We hope that everyone had a great St. Patrick's Day (even though in the East it was cold enough to freeze a leprechaun's pants off!). No matter. Spring is starting on Wednesday and we have Passover (begins Monday, 3/25) and Easter Sunday (the 31st) a little less than a week ahead.

The Passover holiday, for those of you who don't know, is a Jewish holiday commemorating the story of the Exodus, in which the ancient Israelites were freed from slavery in Egypt. The Bible states that God helped the Children of Israel escape slavery by inflicting ten plagues upon the Egyptians, the worst being the death of the first born.

The Israelites were instructed to mark the doorposts of their homes with the blood of a spring lamb and, upon seeing this, the spirit of the Lord knew to pass over the first-borns in these homes, hence the name of the holiday.

When the Pharaoh finally freed the Israelites, it is said that they left in such a hurry that they could not wait for bread dough to rise. In commemoration, no leavened bread is eaten during the seven or eight days of the holiday, which is where matzo comes in.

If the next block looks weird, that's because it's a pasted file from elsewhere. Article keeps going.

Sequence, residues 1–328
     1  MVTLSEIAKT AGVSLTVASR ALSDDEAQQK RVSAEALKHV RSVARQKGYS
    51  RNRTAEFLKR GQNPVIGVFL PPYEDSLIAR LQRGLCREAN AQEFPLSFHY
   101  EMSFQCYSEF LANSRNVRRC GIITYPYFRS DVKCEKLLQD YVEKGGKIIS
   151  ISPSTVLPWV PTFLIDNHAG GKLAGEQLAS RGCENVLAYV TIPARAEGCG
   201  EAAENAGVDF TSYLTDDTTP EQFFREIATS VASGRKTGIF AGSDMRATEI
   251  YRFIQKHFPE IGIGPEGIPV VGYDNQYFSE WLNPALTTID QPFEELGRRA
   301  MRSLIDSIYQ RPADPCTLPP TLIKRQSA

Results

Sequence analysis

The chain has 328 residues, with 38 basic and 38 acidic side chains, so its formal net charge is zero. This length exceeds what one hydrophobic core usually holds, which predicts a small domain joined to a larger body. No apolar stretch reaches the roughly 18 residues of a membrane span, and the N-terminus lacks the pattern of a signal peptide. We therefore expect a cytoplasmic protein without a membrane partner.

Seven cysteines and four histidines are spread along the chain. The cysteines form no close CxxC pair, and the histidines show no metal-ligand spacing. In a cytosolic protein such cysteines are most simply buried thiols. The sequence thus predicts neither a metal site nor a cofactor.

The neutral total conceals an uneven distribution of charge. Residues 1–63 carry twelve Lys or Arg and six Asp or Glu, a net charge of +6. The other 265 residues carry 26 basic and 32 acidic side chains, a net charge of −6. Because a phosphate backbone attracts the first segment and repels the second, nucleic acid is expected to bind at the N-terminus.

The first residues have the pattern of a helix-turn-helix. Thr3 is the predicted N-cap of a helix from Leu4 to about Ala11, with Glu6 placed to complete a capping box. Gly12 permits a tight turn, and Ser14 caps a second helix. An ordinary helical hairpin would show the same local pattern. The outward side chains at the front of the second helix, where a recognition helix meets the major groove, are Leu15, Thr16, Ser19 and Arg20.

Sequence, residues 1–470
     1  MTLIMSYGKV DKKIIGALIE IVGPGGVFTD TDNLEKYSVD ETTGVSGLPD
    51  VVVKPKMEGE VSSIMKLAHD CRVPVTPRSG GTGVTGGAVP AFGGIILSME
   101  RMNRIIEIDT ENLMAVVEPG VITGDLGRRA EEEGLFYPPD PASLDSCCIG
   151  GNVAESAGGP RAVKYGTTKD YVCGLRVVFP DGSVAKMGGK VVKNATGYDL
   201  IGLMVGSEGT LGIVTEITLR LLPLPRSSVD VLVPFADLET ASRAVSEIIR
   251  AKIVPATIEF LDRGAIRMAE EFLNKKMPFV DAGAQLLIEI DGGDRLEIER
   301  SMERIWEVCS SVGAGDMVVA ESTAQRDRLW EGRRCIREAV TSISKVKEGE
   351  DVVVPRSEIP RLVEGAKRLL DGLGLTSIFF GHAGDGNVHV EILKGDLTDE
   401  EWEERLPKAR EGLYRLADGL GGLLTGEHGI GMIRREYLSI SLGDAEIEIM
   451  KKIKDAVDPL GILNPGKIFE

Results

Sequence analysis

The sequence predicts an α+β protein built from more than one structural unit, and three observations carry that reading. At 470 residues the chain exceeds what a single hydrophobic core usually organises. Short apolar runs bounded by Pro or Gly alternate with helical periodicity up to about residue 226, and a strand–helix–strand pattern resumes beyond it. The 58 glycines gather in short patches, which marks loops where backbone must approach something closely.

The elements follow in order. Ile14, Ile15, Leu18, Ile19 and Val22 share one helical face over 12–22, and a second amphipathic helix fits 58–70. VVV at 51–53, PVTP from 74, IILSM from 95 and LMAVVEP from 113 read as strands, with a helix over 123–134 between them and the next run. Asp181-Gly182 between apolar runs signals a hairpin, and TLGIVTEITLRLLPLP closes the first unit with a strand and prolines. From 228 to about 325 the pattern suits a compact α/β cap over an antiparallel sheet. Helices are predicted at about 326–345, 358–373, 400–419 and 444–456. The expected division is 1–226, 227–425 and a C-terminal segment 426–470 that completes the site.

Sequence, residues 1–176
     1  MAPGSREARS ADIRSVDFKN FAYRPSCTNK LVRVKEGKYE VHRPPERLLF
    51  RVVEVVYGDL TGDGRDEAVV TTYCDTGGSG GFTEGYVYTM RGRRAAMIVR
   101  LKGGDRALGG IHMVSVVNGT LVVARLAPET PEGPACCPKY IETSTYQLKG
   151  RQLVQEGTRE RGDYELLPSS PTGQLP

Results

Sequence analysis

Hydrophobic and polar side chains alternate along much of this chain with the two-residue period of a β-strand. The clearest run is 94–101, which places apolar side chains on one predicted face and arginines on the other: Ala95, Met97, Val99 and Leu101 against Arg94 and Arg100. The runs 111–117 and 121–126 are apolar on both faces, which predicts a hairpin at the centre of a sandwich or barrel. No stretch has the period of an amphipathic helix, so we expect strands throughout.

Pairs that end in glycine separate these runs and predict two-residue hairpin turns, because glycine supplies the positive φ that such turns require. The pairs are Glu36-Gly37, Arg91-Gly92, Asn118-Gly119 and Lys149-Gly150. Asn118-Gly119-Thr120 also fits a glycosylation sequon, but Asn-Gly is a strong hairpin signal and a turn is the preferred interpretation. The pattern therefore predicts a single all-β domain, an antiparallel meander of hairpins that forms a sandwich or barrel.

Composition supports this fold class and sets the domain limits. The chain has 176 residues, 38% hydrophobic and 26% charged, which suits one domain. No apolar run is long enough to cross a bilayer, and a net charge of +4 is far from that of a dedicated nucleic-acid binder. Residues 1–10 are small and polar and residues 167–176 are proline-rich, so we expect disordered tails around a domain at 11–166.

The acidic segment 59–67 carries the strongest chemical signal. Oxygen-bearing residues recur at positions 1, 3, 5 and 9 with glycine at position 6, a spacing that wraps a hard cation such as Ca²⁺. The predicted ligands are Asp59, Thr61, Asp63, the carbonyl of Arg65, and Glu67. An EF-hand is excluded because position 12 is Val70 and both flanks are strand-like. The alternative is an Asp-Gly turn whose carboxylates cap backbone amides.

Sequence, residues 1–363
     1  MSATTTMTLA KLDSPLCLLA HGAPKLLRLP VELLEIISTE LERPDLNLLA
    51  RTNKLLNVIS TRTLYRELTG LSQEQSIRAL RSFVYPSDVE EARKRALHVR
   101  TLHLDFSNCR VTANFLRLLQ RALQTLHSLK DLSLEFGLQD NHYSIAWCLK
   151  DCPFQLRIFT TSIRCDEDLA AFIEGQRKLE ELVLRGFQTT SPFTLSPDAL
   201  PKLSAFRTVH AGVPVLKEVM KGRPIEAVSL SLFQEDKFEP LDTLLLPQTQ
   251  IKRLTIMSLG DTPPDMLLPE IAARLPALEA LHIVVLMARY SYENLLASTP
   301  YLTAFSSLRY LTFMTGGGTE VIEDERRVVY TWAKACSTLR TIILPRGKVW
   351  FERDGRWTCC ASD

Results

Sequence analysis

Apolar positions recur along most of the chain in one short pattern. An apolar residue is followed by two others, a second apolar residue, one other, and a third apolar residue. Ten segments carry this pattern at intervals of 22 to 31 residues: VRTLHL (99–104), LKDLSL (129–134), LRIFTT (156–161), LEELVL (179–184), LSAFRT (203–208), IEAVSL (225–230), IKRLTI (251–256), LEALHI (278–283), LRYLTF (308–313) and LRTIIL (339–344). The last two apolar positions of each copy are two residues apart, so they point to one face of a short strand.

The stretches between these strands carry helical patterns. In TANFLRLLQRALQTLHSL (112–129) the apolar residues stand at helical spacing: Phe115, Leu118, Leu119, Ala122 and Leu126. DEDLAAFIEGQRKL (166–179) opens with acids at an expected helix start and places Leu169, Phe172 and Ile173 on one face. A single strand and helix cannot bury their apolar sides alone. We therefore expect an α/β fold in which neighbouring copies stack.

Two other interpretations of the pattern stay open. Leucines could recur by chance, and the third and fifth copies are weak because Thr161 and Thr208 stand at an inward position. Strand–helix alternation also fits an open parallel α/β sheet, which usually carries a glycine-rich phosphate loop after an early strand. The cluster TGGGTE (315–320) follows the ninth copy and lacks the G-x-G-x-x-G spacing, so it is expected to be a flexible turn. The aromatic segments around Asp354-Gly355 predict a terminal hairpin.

It is traditional for Jewish families to gather on the first or second night of Passover for a special dinner called a Seder. Tables are set with the finest china, silverware and crystal are crafted in Europe of brilliant crystal and feature elegant "pulled stems," maximum transparency and clarity) to reflect the importance of the meal. During the meal the story of the Exodus from Egypt is retold using a special text called the Haggadah. Four cups of wine are consumed at various stages in the narrative. The most popular brand, in my house, anyway, was Manischewitz, which, in order to be Kosher for Passover, is produced using real cane sugar, instead of corn syrup.